And then there is this power to control God. Well of course if Jesus throws himself off the temple God’s not going to let him get hurt! And we can pray that Aunt Mabel’s cancer will be cured….and if it is not, well, the story must be that it was our lack of faith, or “God wanted her with Him in heaven now” or….some other version of the underlying God-in-the-box narrative that we really are in control of this thing called Life. Nope. God is. Really. And that is OK. Jesus got that. It was the point of the Incarnation. Another interesting place to bump up against those dominant stories….mine, ours, theirs. To make radical trust in the Incarnate Jesus that says “God-with-us no matter what” the truly dominant identity story would be transformative.
Of course then there is that last one. OK, it can be about imperialism. But I haven’t wanted to conquer any nations lately. I have had struggles with power though. My own. Other peoples’. The right uses of it. Who is getting served in the choices I make about how I hold it, share it. There are a whole lot of stories about that playing themselves out in my life on a daily basis. And Temptation regarding power is often a main character. Mostly to abdicate it! And in my conversations with other women, I find I am not alone in this. So perhaps one for us is about claiming in the retelling. Not in power over but in power with. Aligning ourselves in right relationship with those Jesus focused on, those of the margins, those of the least, the powerless ones might help me figure out a way to hold it with dignity, use it with grace, and narrate a different chapter on power and its uses in my story.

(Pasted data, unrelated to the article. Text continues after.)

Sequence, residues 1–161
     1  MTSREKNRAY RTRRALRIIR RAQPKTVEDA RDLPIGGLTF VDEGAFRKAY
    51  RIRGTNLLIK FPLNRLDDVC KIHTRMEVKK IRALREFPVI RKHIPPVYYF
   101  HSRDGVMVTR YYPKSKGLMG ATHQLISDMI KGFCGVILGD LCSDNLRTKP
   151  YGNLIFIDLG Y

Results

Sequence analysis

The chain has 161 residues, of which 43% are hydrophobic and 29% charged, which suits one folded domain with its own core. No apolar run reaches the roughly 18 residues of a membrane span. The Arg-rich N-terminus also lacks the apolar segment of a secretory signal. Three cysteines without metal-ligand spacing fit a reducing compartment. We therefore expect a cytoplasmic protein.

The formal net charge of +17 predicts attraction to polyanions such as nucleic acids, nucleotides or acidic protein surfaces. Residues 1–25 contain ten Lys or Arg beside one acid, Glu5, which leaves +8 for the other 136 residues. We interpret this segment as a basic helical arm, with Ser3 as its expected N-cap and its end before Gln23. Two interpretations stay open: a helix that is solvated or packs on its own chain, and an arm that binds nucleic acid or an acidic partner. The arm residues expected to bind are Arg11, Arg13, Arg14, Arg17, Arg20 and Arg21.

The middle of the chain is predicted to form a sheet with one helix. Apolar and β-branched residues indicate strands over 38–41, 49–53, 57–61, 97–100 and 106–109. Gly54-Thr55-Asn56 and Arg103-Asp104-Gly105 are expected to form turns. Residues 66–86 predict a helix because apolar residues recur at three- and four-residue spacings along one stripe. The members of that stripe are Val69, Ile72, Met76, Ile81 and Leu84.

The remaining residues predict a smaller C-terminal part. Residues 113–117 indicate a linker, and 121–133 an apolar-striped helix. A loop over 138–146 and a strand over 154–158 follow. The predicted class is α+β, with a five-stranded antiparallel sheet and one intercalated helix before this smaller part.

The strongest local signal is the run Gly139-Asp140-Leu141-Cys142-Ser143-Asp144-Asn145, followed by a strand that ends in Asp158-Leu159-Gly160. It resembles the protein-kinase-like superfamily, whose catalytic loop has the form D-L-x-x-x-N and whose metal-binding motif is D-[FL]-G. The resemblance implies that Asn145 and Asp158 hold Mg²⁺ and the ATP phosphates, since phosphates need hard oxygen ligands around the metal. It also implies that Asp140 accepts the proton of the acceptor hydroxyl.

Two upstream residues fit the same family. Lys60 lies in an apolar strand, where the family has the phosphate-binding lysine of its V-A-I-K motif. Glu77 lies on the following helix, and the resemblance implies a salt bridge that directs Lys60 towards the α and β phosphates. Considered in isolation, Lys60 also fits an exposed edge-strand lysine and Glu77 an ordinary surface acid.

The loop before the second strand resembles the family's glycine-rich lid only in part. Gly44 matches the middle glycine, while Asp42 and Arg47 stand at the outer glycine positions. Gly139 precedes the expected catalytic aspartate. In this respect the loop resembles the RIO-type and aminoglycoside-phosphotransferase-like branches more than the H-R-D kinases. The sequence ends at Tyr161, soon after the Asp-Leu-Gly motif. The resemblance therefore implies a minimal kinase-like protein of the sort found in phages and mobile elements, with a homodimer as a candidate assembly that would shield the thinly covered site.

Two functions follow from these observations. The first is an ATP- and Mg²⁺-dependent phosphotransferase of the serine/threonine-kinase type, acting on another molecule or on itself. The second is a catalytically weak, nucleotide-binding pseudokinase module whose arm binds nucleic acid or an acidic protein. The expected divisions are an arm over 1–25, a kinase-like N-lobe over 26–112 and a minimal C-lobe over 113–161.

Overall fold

At the end of the forty days, after the three temptations, the devil, apparently getting the point that he is not going to get Jesus to fall over into temptation, to tell his story of Jesus’ life, gives up. Jesus emerges from the desert and begins the work of his ministry. The familiar narrative about his public life emerges. We are heading into the home stretch on that story again. Hard as that is to believe. As Lent begins I want to think about those three temptations. How they play out in my own narrative…. How much I buy into some of those culturally-based, steeped-in viewpoints about giving and having, who’s in control, power, just a few of life’s little questions…just a small Lenten reflection.